Historic Homes of Neillsville, Wisconsin
Please contact us if you have details concerning these homes.
Click on the photos to enlarge them.
Captain Hommel-217 Grand Ave.
Kurth, 1201 N. Grand Avenue
home was built by
James Redmond, and later purchased
by Robert Kurth. It is quite possible that Remond built the home
on speculation, for he lived in the house just to the south for many
years after the larger house's construction. Robert Kurth had
previously lived in and operated the large brick roadhouse east of "Fannie's
Restaurant" on U. S. Highway 10. At the turn of the century, there
was a well at this home that was believed to contain "curative" water.
On Sundays, people came by carriage from miles around to obtain water
from the well which they believed benefited their health. "Frosty" Kurth--well
known Neillsville postmaster and son of
Robert Kurth--lived in the home
until the 1970s, when it was purchased by the McKevitt family.
Legend says that the land across the street from the house was a meeting
place of local Native American tribes and also the last location of
a Native American trading post in the Neillsville area. The (1998)
owners, Mark & Sandy Brodziski began restoring this delightful Victorian
home. The current owners are Tim & Sue Voight who also owns "Custom
Heating" in Neillsville.Sketch
by B. Harder.
David and Janet Skiff purchased the home in summer of 1975 and lived
there until summer of 1986. When they bought the house there was an
acre of wooded area along the north side of the drive, extending to
14th St. Shortly before they moved in 1986, the Skiff's sold the
land to Alan Moore, who built 2 homes there. Their home was
purchased by a single woman from MN, who lived there 1-3 years.
|Can you supply a current photo of this home?||29.
Currier-Schuster Home, 312 E. 4th Street
This home was built in 1880 by John Currier. He was engaged in lumbering on the Black River at the time. Currier was also a carpenter, and he supervised the construction of many of the finest buildings in Neillsville. Jeff Schuster, a lawyer with the law firm of "Schuster and Campman," purchased the home around 1900. Mr. Schuster donated 10 Acres of land for the construction of Schuster Park located on Neillsville's southeast side. Kathy Roberts is the current owner.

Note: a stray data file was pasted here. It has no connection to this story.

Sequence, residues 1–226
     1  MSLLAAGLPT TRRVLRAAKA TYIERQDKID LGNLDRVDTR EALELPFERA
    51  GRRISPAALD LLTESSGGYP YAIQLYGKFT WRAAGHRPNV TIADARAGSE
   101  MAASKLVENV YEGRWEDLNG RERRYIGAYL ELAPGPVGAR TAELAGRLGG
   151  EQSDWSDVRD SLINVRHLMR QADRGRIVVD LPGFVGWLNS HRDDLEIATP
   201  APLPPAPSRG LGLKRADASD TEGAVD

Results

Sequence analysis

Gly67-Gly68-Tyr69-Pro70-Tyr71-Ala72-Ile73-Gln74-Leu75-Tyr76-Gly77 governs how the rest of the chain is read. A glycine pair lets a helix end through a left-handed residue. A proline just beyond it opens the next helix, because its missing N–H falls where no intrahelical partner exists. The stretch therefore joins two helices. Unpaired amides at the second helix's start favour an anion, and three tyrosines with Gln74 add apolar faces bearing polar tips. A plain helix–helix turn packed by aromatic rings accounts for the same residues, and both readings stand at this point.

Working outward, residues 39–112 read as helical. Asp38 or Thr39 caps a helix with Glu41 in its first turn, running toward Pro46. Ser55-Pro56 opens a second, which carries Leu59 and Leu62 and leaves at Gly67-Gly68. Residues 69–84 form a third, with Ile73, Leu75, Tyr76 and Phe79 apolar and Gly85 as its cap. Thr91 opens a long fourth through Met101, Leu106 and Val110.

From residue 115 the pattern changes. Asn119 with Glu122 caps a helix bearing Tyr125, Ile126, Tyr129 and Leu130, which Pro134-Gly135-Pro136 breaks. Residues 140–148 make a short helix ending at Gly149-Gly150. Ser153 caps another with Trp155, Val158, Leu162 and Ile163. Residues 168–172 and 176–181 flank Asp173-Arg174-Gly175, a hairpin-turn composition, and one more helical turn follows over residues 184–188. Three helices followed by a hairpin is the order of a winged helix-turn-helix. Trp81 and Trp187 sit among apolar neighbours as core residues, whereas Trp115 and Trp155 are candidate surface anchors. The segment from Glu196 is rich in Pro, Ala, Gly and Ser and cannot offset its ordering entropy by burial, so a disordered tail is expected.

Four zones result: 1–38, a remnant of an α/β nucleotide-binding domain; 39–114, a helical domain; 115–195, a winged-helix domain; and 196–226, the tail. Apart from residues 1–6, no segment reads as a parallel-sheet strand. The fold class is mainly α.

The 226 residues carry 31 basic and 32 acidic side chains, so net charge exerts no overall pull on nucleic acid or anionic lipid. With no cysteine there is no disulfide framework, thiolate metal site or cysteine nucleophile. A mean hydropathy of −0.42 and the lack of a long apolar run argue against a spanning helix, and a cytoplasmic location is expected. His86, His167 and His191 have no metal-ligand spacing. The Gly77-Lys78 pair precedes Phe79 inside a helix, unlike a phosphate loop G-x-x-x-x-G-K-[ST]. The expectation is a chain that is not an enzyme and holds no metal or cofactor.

Marsh-Bennett Home, 214 Clay Street
William Marsh (brother to Lute Marsh) built this home in the late 1800s for $1800. The home was constructed with a balloon frame--one stud runs from the basement to the attic! Also, the beams are wood-pegged around the foundation. Mr. Marsh was the owner of the "Marsh Store"--a quality department store--on the northwest corner of Hewett and 5th Streets for many decades. For many years this house was home to Dr. Mark and "Flossie" Bennett. Dr. Bennett was a well known area veterinarian. Mrs. Bennett was the daughter of Dr. William Leason--early Neillsville dentist and civic leader. The present owners (1998), Gill and Diane Williams have done extensive restoration work, but much more is in their plans!
Can you supply a current photo of this home?
B. & Jennie Tuft's Home,
Added to the Historic Home List in 2011. Click here to see article.
~Return to page 1~
~Return to Pine Valley History~
Contributors: Cecily Cook, Judy Hansen, Dolores Kenyon, Carol Mitte, Neillsville Historic Preservation Commission, Erdine Payne, Bill Roberts.
© Every submission is protected by the Digital Millennium Copyright Act of 1998.
Show your appreciation of this freely provided information by not copying it to any other site without our permission.
A site created and
maintained by the Clark County History Buffs